CN: sexual assault, institutional violence
A trans woman incarcerated at the Allegheny County Jail reported that she had been sexually assaulted by her cellmate. He is now facing sexual assault charges after reportedly admitting the crime to ACJ officials.
On Saturday morning, Amie Downs, communications director for Allegheny County Chief Executive’s office confirmed for me that the survivor is a trans woman, was receiving medical care and supports, and was no longer housed with other inmates. What was unclear is if there are pathways to connect this woman with community supports.
Downs also confirmed that there is an internal investigation into the decision to house this woman with a cisgender male who was reportedly ‘coming down from a meth high.’ According to the Post-Gazette:
The jail’s policy for housing transgender inmates calls for transgender inmates to be initially housed alone in single cells until a committee of jail and healthcare experts determines whether the inmate should be housed with a cellmate, in general population or in protective custody.
“The housing assessment shall determine if the transgender or intersex inmate will be housed in the general population or in a protective custody unit of the gender consistent with their gender identity or genitalia,” reads the seven-page policy, which was established in 2016.
Warden Orlando Harper said the committee had made a housing recommendation regarding the transgender inmate in this case but would not say what that recommendation was.
The transgender inmate was classified as medium security and housed on Pod 4A, he said.
Put a man coming down from a drug high into a cell with a trans woman is probably never a good decision. How on earth could the jail reasonably predict her safety in that situation?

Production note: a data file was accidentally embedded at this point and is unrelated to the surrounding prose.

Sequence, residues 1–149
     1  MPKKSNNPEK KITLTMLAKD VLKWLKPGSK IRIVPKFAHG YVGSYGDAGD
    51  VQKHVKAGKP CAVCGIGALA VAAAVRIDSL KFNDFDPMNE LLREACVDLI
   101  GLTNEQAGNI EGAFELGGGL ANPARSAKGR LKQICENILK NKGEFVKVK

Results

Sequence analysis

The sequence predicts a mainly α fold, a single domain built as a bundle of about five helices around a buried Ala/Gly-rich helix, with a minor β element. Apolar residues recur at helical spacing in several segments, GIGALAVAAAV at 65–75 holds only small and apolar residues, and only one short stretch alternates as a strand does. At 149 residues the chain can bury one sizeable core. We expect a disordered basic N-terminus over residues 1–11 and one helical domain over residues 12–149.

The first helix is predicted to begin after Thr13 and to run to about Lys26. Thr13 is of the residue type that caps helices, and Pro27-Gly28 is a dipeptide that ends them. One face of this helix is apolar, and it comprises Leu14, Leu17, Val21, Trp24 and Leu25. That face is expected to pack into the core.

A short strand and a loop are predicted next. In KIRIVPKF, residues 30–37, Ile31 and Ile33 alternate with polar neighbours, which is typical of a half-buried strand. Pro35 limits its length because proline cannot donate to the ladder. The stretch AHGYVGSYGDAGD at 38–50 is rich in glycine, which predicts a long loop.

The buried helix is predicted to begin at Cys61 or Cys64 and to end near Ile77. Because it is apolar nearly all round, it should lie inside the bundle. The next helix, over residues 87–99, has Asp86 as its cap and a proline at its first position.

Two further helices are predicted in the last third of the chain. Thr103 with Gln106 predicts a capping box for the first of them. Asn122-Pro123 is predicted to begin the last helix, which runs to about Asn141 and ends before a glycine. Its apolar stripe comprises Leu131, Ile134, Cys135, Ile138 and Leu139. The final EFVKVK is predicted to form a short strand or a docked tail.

Ciora Thomas from SisTers PGH, a local advocacy and support group for trans women, spoke with me about this story after we were among several people casting out lines Friday night to find out if the woman was okay and had support. There is no real line of communication on these matters.
“ACJ puts us in a direct path of harm when housing us with cis men. Not only is that a blatant transphobic attack, but it also shows other inmates that we don’t matter and aren’t even worth being protected thus creating a platform for rape and sexual assault within jail and prison walls.
The hyper masculine cishet dominate atmosphere within jails/prisons 9 times out of 10 demonize said transperson as the sexual aggressor and in most cases are taken away from the general population and put in solitary confinement for our “safety.” This ultimately turns into a torture situation because we are left within solitary for so long surrounded by men who will and continually rape and sexually assault us which includes guards.”
I also reached out to the ACJ Health Justice Project for comment on the medical response to incidents of sexual assault. They have not yet responded.
This story broke on KDKA Friday evening. While most reputable outlets do not identify victims of sexual assault, KDKA focused on the rapist and failed to meet professional standards when reporting on the transgender community. Ralph Ianotti actually said
According to investigators, the inmate identifies as a woman and uses a female alias.
She *is* a woman, Ralph, and she has a name, not an alias. Ralph, please read the GLAAD Media Guide so you can do better when reporting.
I was very grateful that Amie Downs responded to my questions on a Saturday, but I’m dismayed that there seems to be such little opportunity to ascertain if people are safe even after they’ve been victimized. I was messaging everyone I could think of who might know someone at PAAR, Center for Victims, Womens Center & Shelter, etc. I certainly didn’t want to violate her privacy, but the early reporting did not tell us anything about her status or what could be expected in terms of supports she would receive. It turned out that the only entity that could get information is the ACLU which we were not able to make contact with on a late, late Friday night.
This entire situation requires our attention. The LGBTQ community must ensure that the unique health and safety needs of trans folks and other GNC individuals are at the forefront of any conversation around incarceration. It is horrifying to realize there is no way to ascertain the welfare or safety of someone in our community who is in ACJ. There’s no known liaison, no representation from community groups, no identifiable process.
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